Thursday, 19 July 2018

Backlist Books: The Good Earth by Pearl S. Buck

Backlist books is a column by Lucy Day Hobor that focuses on enduring, important works from or about Asia.

This post is about The Good Earth, the first volume in a trilogy that tells the story of a farmer named Wang Lung and his descendants in the early 1900s in China. In 1932 the novel won a Pulitzer Prize, and in 1938 the author won the Nobel Prize for Literature. In 2004, Oprah put the book back in the spotlight when she chose it for her book club.

The author was an American who spent considerable time in China both as a child and as an adult. Some insist that she was nevertheless a cultural outsider bound by stereotypes, while others feel her depiction of life in China was well informed and thus informative.

See below to find out what you need to know to decide whether you should read The Good Earth, or what you should know about it even if you never do!

Monday, 16 July 2018

Lion City lit: crafting happy endings and the contemporary Singapore novel

Asian Books Blog is based in Singapore. Our occasional column Lion City Lit explores in-depth what’s going on in the City-State, lit-wise.

Here Eldes Tran reports on a recent forum on the novel in contemporary Singapore. Whatever happened to happy endings? was organised by Epigram Books, Singapore’s largest independent publisher of local stories for all ages, and the sponsor of the country's biggest prize for fiction.

Eldes is an assistant editor at Epigram. She mostly edits nonfiction and children’s books, but also some adult fiction. Apart from editing, she also acts as a project manager seeing books through all stages of production.

Friday, 13 July 2018

Mediating Islam guest post by Janet Steele

Janet Steele is associate professor of media and public affairs, and international affairs, at George Washington University, USA. She is the author of Email dari Amerika (Email from America) and Wars Within: The Story of Tempo, an Independent Magazine in Soeharto's Indonesia. She has just brought out Mediating Islam: Cosmopolitan Journalisms in Muslim Southeast Asia.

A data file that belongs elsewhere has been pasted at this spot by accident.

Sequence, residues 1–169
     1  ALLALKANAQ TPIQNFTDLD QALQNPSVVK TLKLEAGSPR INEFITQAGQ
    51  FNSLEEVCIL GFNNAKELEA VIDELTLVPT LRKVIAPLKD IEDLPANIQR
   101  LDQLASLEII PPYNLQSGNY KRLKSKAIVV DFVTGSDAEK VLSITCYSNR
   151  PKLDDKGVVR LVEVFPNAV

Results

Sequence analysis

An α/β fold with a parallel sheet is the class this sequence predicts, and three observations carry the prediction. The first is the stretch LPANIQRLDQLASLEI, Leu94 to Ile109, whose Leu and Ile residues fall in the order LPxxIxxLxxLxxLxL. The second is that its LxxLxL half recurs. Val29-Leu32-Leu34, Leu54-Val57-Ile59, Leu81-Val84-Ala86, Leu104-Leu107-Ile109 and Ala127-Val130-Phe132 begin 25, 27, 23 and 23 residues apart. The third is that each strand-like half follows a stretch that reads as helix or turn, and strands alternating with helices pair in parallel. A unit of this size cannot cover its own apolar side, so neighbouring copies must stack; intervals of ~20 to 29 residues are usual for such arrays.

Mediating Islam asks: what is Islamic journalism? It examines day-to-day journalism as practiced by Muslim professionals at five exemplary news organisations in Malaysia and Indonesia.  At Sabili, established as an underground publication, journalists are hired for their ability at dakwah, or Islamic propagation. At Tempo, a news magazine banned during the Soeharto regime, the journalists do not talk much about sharia law; although many are pious and see their work as a manifestation of worship, the Islam they practice is often viewed as progressive or even liberal. At Harakah reporters support an Islamic political party, while at Republika they practice a "journalism of the Prophet." Secular news organisations, too, such as Malaysiakini, employ Muslim journalists.

In her guest post for Asian Books Blog, Janet talks about the generosity of her sources in the world of Islamic journalism, in the years leading up to the recent Malaysian general election.